The Promise Of Green Politics

Author: Douglas Torgerson
Publisher: Duke University Press
ISBN: 9780822323709
Size: 19.43 MB
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An exploration of the relationship between the means and the ends in green politics.

The Promise Of Martin Luther S Political Theology

Author: Michael Richard Laffin
Publisher: Bloomsbury Publishing
ISBN: 0567669912
Size: 51.13 MB
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Michael Laffin demonstrates the promise of Martin Luther's thought for contemporary political theology by showing how Luther has been over-determined in standard genealogies of modernity which frequently deafen us to his unique contribution. Laffin argues that contemporary theologians have typically followed a narrative derived from the work of a previous generation of political historians and philosophers, which tend to screen out or distort the Reformers' contribution to political theory. Common to these narratives are charges against Luther for his perceived univocal and nominal ontology resulting in a privatized and spiritualized Christianity, thus falsely dividing the world into autonomous spheres. Additionally, the narratives claim that Luther follows in the wake of voluntarism, leading to an insistence on human passivity that leaves no room for pagan virtue. Thus, politics is reduced to an authoritarian imposition of order. In contrast to the dominant narratives of political modernity, Laffin re-examines these narratives by focusing on the political significance of areas in Luther's corpus often neglected in contemporary accounts of his political thought, especially his commentaries on Scripture and writings on the sacraments. Attention to these writings brings forth the crucial themes of the two ecclesiae and the three institutions. Constructively, these themes are deployed in critical engagement with contemporary political theology, particularly as represented in Radical Orthodoxy and the new-Augustinianism.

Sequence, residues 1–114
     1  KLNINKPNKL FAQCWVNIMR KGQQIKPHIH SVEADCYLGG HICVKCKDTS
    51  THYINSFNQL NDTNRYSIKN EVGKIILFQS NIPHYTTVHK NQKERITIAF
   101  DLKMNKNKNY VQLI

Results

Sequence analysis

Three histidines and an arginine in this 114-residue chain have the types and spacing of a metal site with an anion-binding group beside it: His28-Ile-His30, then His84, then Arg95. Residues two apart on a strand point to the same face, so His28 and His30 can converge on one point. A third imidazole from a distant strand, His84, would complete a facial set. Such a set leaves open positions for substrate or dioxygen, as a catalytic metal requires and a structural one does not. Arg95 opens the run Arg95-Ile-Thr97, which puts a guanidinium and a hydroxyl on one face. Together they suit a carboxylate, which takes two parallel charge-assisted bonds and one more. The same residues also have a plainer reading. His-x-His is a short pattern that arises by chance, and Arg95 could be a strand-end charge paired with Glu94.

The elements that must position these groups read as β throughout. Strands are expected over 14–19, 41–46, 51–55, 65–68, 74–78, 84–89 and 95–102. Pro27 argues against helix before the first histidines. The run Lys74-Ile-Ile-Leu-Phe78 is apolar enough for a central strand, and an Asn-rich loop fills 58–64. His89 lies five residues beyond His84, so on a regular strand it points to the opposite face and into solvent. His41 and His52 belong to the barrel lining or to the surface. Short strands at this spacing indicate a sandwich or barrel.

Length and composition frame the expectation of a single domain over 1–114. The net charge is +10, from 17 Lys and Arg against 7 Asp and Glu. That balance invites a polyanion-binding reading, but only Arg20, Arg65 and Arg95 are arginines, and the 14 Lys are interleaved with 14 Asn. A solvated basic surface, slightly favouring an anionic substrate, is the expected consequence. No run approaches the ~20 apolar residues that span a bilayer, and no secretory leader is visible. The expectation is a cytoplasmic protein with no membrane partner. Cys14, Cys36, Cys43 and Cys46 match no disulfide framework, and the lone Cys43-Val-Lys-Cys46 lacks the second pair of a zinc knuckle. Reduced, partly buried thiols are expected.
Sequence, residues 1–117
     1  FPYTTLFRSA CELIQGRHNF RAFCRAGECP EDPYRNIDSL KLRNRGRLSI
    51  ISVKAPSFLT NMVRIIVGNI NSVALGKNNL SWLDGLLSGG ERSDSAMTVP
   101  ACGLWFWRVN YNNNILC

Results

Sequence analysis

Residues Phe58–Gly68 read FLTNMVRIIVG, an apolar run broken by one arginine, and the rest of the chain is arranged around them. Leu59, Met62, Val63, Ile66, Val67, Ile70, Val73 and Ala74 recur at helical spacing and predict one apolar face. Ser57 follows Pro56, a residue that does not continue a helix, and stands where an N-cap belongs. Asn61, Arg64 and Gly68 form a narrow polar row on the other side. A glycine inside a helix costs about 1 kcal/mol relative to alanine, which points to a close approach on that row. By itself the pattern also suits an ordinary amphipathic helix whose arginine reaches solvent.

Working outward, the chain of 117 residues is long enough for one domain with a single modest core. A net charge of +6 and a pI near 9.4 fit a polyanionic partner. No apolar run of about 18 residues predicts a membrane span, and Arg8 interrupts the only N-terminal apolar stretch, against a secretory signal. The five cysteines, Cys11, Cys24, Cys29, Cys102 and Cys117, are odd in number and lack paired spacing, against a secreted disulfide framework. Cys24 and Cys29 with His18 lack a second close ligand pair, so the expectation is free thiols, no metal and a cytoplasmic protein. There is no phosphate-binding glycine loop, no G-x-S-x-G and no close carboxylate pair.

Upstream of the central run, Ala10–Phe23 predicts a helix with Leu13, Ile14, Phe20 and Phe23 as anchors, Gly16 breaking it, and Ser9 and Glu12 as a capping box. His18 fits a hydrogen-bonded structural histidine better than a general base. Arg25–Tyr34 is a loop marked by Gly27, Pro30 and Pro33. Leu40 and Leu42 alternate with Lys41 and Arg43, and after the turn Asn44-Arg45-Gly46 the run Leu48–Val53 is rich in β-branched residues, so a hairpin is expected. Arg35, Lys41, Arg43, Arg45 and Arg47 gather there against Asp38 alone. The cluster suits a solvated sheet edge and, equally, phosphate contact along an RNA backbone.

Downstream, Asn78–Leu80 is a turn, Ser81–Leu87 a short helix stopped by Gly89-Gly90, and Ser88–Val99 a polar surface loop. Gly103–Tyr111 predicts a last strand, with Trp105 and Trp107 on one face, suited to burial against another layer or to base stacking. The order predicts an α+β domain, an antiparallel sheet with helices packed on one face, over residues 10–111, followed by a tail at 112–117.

The Healing Of Nations

Author: Mark R. Amstutz
Publisher: Rowman & Littlefield
ISBN: 9780742535817
Size: 70.87 MB
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How does one forgive an international political transgression as deep as genocide or apartheid? Forgiveness is often conceived of as an element of personal morality, and even at that it is difficult. This book argues that it is also an essential part of political ethics, especially when dealing with collective wrongdoing by political regimes. In the past, a retributive justice demanding prosecution and punishment of all past offenses has kept the international community away from moving on to the next step in regime change. Here, Mark R. Amstutz takes a restorative justice approach, calling for nations to account for crimes through truth commissions, public apology and repentance, reparations, and ultimately forgiveness and the lifting of deserved penalties. The distinctive feature of forgiveness is the balance it strikes between backward-looking accountability and forward-looking reconciliation. The Healing of Nations combines a theory of the role of forgiveness in public life with four key case studies that test this ethic: Argentina, Chile, Northern Ireland, and South Africa. Amstutz uses the hard cases to illustrate the promise and limits of forgiving without forgetting.